They do need to start requiring their critical infrastructures. The critical infrastructures we all depend on for our livelihood and our safety to have a proper plan to protect against this emerging threat. So I think governments do have a role to play in properly internalizing that. And they also have a role to play a little more subtle to make sure the global markets and cryptography and cybersecurity function property. So they can’t be too nationalistic to the point where you only market is your domestic market. Because, then there won’t be enough money in the system to develop the high grade products we need. So we do need an appropriate regime for using each other’s products and services. So we can have really high quality products protecting our digital platforms. Those are two examples of where they’re good in need to do more. I’m not saying it in the sense of, well, they’ve been slackers not doing their job, but now that the world’s evolving, that is kind of the next phase where we need governments around the world to step up.
Yuval: And my next to last question is, so if I’m a CISO of a large regional bank, what should I do today? What should I do tomorrow morning?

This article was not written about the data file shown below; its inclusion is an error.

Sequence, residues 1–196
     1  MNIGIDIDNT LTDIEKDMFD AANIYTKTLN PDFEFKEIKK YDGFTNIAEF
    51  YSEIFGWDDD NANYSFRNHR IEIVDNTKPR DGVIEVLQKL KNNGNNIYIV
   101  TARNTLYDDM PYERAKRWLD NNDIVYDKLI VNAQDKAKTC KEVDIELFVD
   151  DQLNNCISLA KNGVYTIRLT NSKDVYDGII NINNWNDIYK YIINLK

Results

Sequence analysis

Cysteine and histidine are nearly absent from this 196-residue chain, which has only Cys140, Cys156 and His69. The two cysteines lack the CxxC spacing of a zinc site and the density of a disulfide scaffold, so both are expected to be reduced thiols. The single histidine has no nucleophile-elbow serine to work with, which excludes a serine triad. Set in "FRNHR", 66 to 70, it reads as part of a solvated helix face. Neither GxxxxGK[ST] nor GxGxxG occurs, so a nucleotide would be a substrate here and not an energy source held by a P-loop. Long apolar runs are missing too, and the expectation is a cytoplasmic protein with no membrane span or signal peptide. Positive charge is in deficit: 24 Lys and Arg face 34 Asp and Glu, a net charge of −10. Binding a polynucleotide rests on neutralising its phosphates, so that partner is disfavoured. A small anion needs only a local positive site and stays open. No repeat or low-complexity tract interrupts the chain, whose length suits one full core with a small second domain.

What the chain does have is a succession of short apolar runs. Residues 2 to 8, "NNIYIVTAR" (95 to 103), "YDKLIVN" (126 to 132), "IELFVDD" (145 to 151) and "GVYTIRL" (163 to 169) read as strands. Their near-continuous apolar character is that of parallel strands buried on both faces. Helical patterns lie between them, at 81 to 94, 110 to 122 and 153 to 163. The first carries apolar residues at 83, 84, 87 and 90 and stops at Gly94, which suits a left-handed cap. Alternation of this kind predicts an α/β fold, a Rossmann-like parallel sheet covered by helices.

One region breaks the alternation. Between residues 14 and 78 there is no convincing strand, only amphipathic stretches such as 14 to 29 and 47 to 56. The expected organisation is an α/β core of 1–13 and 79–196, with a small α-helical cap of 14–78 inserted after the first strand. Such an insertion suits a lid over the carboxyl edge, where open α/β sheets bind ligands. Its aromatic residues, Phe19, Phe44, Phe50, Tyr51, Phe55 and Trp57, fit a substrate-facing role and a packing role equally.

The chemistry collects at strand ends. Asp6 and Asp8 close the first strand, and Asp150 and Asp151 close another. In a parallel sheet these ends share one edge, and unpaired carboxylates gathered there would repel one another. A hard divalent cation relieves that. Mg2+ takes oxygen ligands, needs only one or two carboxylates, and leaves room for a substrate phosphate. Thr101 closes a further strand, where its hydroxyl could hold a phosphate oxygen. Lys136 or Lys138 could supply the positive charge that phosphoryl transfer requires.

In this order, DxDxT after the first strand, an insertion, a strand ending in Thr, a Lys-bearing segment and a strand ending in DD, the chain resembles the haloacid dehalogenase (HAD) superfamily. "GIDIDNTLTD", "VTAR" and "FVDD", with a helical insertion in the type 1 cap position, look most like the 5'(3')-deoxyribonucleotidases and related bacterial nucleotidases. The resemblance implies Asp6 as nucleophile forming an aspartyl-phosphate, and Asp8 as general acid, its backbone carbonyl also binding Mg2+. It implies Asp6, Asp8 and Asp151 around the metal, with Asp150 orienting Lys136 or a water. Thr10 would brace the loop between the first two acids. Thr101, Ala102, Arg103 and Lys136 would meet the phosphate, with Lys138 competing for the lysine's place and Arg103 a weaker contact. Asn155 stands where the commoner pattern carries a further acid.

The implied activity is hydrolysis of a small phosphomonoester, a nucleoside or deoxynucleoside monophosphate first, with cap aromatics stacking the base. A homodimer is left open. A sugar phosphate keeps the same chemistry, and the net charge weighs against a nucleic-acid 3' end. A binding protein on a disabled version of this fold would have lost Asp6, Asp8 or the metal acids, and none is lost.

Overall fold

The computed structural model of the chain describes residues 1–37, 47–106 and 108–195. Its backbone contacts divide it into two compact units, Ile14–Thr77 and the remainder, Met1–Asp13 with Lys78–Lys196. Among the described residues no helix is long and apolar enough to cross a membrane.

Michele: So if you haven’t already, and you really need to make sure that there is somebody in charge, and this is their number one job, not something they do in their spare time. This is their number one accountability. This is what their KPI should be based on. And it’s to make sure there’s a proper quantum readiness plant at your organization. It starts off with one person, but it probably needs to grow. And again, this needs to be their job and they need to be set up for success. Which means they need not just the CISO support, but they need cross functional support at the organization to make sure they get access to the risk managers and everyone else they need to talk to, to do their assessment, to start formulating their plan and then growing the team. And so getting the investments they need to properly transition the platform.